Off Season: The key to a good bodybuilding prep

Posted by Tammie Sarkozy in Muscle Building

Estimated reading time: 8mins

Muscle growth is slow and requires commitment, patience, and a lot of time.

This is where Off-season becomes the key to a good Prep.

I've been in this game for over 10 years, as a judge, coach, competitor, and let me tell you, not enough people maximise their off-season.

Here are the major mistakes made during this time:

Man in the gym

Not eating enough.

I reckon 9/10 competitors spend the off-season being too conservative with their calorie intake.

This is either due to fear of getting fat or a lack of monitoring food intake.

The key to muscle growth is supplying your body with enough energy (calories) and nutrients to support your training and recovery.

Generally speaking, a 10-15% surplus (from maintenance level) is a good range.

Be aware that everyone is different and there are many factors that cause variations in determining what calorie range is suitable for growth.

Eating in a calorie surplus can be tough because it does bring on some body fat.

No one wants to get fat. Especially if you've recently been on stage, it can be mentally hard to watch your physique transform from a human anatomy chart to the 'regular' body.

Here's the thing.

To build decent muscle you HAVE to be in a calorie surplus. There will be some fat gain with this but this is why we spend 16+ weeks turning our focus to shredding the fat off and revealing those beautiful new muscles.

Not eating enough. I reckon 9/10 competitors spend off-season being too conservative with their calorie intake.

Eating too much junk

There is a major misconception that Off-season is about eating junk food and getting fat in order to build muscle. Absolutely not.

While you will gain some body fat (and every individual is different in how much they gain) there is no need to 'get fat'.

The look and feel of fat are very subjective to a person's opinion. I've had girls tell me 'I'm fat' at 18% body fat which is ridiculous. That might be their perception of fat but in reality and compared to the average person and health standards, it's far from it.

In order to build muscle, your body needs to receive a wide variety of nutrients from whole foods.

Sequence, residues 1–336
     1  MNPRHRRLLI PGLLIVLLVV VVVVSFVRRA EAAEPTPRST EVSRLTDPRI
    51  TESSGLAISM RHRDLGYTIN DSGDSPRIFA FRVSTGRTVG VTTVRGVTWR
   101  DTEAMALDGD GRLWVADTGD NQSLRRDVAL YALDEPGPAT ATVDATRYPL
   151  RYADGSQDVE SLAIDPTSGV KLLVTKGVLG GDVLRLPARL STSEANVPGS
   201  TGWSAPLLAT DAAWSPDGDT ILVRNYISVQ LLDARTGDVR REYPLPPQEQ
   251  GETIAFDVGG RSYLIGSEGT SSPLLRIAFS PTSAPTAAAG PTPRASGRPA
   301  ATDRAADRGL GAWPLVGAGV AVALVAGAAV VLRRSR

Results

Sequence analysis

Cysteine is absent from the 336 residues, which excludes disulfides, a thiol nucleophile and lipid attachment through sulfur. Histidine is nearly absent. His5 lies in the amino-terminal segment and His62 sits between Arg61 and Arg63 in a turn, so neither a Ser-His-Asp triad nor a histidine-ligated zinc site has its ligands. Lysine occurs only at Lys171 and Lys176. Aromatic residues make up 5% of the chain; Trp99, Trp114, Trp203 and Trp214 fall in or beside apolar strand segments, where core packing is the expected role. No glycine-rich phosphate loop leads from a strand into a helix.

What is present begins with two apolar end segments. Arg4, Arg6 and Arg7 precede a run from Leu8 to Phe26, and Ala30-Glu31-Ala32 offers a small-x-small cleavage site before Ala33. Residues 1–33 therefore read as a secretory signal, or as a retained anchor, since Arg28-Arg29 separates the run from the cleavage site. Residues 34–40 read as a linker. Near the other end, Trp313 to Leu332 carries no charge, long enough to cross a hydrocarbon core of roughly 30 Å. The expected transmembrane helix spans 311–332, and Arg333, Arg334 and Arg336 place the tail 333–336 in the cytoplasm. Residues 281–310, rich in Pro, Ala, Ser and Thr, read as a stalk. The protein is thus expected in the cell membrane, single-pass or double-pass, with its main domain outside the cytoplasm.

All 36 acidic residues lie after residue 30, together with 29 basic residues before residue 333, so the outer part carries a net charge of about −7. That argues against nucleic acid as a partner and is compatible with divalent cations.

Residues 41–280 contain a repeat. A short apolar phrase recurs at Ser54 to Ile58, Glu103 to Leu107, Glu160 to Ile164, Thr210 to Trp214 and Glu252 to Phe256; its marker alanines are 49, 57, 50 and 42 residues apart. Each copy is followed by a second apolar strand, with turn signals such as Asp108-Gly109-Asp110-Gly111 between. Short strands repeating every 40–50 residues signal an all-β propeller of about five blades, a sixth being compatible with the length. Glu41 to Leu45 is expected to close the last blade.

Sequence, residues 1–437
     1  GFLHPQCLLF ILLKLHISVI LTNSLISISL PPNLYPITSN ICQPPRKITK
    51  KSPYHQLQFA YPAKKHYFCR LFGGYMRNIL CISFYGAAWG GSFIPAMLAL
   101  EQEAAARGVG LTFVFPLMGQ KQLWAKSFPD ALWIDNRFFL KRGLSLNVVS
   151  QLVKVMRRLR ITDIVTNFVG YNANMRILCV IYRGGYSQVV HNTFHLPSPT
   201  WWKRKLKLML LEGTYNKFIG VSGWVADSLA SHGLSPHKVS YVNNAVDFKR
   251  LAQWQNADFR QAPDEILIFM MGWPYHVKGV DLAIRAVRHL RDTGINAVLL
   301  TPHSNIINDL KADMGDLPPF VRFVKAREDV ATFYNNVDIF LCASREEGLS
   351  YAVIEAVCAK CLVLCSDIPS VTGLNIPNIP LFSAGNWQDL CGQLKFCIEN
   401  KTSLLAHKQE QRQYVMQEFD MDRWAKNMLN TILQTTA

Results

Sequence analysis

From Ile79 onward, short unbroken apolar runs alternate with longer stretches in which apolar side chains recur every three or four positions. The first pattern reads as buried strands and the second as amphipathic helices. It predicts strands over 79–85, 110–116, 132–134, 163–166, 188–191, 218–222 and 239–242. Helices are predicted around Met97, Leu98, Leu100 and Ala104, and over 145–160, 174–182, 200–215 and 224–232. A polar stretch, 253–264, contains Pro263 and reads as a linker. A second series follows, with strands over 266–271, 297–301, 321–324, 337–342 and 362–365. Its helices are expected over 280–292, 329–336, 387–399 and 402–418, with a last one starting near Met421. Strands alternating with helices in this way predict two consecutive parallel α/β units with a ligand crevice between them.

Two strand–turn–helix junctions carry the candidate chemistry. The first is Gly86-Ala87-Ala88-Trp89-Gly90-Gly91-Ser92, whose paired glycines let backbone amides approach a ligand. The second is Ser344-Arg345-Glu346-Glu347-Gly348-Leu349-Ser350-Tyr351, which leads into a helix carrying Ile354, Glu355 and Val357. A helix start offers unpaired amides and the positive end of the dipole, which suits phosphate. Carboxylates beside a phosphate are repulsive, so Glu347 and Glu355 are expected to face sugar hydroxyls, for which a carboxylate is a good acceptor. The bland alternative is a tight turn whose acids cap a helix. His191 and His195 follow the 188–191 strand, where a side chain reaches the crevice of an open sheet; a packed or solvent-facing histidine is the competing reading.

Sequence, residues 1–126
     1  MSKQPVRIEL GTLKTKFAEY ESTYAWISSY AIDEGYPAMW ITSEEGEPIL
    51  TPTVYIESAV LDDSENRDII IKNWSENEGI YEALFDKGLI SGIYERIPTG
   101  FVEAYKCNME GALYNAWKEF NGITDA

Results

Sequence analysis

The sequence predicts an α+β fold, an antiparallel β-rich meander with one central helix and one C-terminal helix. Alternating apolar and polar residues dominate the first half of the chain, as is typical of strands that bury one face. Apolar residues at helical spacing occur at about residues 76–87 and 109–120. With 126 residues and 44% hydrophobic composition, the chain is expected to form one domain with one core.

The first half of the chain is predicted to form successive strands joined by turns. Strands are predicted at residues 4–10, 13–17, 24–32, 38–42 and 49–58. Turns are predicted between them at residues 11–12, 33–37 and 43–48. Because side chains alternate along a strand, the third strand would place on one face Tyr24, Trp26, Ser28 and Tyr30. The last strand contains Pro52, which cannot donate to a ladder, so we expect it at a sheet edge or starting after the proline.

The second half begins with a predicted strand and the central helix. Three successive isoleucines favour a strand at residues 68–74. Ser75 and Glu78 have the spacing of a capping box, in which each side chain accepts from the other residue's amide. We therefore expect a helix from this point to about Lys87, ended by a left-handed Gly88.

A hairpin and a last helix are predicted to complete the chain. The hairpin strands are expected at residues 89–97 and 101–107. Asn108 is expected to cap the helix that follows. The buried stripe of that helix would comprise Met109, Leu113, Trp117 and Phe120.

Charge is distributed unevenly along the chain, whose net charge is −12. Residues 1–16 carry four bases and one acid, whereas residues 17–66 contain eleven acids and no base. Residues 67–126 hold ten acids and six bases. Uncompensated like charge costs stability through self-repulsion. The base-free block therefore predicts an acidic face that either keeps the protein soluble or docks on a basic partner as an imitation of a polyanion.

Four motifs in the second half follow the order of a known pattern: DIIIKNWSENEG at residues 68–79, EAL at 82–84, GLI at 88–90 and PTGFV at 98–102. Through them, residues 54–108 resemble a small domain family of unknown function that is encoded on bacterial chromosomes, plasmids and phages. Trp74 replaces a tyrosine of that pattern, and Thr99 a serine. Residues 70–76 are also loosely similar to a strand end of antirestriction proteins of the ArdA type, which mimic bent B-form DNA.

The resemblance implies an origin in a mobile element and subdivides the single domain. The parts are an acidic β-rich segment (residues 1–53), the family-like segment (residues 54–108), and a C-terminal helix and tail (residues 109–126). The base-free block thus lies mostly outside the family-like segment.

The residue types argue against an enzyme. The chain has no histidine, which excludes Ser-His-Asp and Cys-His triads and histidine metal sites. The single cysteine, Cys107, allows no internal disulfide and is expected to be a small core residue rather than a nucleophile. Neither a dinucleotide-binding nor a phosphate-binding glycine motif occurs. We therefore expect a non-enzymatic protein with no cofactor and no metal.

While it's hard to eat 100% clean on high calories, the majority of food choices should comprise of wholefoods.

Fun things like ice cream, tacos, chocolate, etc can 100% be incorporated into your diet so long as you've ticked off the basics:

  • Adequate fibre intake
  • 2-3 serves fresh fruit
  • 5 serves vegetables (lots of colour and variety)
  • Protein sources from mainly wholefoods (not entirely made from supplements, bars and processed foods)
  • Appropriate supplements to support training and recovery

Processed foods are great to reach those high calories and also to feel freedom with food choices. If you're on high cals, there's only so much clean food you can eat before the sheer volume makes you feel constantly full, bloated and like you're chewing all the time.

Some processed foods are totally ok but remember, get the 'health' in as a priority.

Eating too much junk

Not fuelling the body correctly

The main purpose of an off-season is to build muscle.

In order to do this, training must be geared towards growth, and nutrition must support this goal.

A few nutrition pointers to consider to achieve muscle growth:

  • Eat-in a calorie surplus of between 10-15% of TDEE (total daily energy expenditure). This is a general guide and varies from person to person
  • Nutrition to support performance.
  • Pre and post-workout meals consisting of protein and carbohydrates to support optimal performance, recovery and growth.
  • Constant fuel (a form of sugar) during longer/more intense sessions to ensure you always have an immediate supply of energy
  • Adequate protein intake throughout the day (between 1.4-2g/kg body weight)